The main elements of conspiracy are a specific intent, an agreement with another person to engage a crime to be performed, and the commission of an overt act by one of the conspirators in furtherance of the conspiracy[i]. A conspiracy consists not merely of the intention but the agreement of two or more persons to do an unlawful act, or to do a lawful act by unlawful means[ii]. However, mere association of two or more persons will not constitute a criminal conspiracy[iii].
An unlawful agreement is an element of a criminal conspiracy. A single agreement to commit several crimes constitutes one conspiracy. Similarly, multiple agreements to commit separate crimes constitute multiple conspiracies by the same reasoning[iv]. The precise nature and extent of a conspiracy must be determined by reference to the agreement which embraces and defines its objects.
The agreement remains an essential element of the crime and serves to distinguish conspiracy from aiding and abetting which does not require proof of that fact and from other substantive offenses as well[v]. Generally, the crime of conspiracy is complete when parties enter into a conspiratorial agreement. It is to be noted that if there is an agreement between two or more persons for an unlawful purpose, it is considered a criminal conspiracy even where there is no agreement regarding the details of the criminal scheme or the means by which the unlawful purpose will be accomplished.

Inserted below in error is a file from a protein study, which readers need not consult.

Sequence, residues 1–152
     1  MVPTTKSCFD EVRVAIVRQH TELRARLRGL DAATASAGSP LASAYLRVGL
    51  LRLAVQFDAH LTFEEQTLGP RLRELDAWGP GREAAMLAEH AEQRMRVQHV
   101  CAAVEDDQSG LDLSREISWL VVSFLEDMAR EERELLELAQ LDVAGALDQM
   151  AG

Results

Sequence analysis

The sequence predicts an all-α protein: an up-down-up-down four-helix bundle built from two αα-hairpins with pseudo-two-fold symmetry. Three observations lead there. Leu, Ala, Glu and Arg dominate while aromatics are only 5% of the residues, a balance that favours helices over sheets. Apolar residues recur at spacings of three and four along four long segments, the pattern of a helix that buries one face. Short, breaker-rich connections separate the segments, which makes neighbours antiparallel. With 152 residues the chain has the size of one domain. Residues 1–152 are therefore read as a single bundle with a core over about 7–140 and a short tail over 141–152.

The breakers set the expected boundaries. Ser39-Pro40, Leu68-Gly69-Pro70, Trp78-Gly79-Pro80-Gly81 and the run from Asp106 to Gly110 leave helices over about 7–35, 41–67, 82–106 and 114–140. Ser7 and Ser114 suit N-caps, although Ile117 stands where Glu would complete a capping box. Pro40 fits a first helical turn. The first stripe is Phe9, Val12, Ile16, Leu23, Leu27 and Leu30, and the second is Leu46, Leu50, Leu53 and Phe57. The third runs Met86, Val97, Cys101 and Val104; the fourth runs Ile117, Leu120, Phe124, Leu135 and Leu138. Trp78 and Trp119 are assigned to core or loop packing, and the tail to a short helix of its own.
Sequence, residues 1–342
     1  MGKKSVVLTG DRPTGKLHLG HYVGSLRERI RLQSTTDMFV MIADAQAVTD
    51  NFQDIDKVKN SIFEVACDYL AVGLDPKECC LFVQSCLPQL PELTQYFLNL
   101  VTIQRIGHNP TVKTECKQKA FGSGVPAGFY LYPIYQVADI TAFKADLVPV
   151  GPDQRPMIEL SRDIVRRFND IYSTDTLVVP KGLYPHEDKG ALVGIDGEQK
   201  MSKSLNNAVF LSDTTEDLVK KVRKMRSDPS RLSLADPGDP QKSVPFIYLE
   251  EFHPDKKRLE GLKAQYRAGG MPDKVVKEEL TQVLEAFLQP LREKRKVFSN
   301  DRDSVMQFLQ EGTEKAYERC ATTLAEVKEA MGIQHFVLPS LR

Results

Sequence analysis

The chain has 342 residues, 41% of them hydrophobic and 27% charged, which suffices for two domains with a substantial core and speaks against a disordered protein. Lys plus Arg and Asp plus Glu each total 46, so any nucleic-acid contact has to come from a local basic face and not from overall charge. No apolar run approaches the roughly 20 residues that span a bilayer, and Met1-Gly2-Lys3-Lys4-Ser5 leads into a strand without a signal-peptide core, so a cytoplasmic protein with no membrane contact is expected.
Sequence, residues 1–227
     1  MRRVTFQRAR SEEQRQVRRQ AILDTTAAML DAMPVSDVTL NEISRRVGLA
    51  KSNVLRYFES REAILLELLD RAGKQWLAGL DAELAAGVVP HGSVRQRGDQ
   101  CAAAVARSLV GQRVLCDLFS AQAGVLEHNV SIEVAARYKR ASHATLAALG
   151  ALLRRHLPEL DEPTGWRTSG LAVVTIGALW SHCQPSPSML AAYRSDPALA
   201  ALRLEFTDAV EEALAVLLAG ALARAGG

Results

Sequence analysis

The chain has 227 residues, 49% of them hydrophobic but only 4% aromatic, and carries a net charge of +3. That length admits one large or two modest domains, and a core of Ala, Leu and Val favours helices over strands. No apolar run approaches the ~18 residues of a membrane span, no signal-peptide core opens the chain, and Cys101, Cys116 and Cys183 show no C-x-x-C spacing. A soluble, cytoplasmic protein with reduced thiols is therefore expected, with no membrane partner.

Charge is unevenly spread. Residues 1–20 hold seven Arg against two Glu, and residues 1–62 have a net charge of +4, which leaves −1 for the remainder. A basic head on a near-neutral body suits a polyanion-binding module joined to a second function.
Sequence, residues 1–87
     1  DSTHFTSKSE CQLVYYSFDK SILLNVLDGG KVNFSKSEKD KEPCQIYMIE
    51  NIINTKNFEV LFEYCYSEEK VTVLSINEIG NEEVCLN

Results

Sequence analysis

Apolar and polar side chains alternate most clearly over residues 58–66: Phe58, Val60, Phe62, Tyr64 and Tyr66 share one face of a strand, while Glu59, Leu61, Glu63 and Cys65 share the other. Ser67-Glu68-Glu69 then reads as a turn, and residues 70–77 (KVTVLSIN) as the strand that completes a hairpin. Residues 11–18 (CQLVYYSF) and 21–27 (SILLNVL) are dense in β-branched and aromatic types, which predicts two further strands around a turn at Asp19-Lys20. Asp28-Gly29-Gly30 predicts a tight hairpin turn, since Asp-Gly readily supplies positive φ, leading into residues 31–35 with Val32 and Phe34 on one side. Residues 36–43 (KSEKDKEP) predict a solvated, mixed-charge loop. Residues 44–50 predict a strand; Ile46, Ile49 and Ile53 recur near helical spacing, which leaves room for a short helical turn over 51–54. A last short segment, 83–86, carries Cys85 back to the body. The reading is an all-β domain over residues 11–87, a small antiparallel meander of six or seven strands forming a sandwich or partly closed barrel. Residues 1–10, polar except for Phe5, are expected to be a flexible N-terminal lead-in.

It is not necessary that the participants in a conspiracy be fully aware of the details of the venture as long as they agree on the essential nature of the plan. To obtain a conspiracy conviction, the government must prove that there was an agreement between two or more participants to achieve a particular illegal end.
The agreement need not be an explicit one. It can instead be inferred from the facts and circumstances of the case. A tacit understanding will suffice to show agreement for purposes of a conspiracy conviction. A written or oral statement which expressly communicates agreement is not necessary[vi]. In other words, an agreement that amounts to a conspiracy need not be formal[vii] or express, but may be a tacit understanding[viii].
[i] Lacy v. State, 673 So. 2d 820 (Ala. Crim. App. 1995)
[ii] State v. Carbone, 10 N.J. 329 (N.J. 1952)
[iii] Sanders v. State, 110 Nev. 434 (Nev. 1994)
[iv] United States v. Broce, 488 U.S. 563 (U.S. 1989)
[v] Iannelli v. United States, 420 U.S. 770 (U.S. 1975)
[vi] United States v. Amiel, 95 F.3d 135 (2d Cir. 1996)
[vii] American Tobacco Co. v. United States, 328 U.S. 781 (U.S. 1946)
[viii] United States v. Ruiz, 105 F.3d 1492 (1st Cir. Mass. 1997)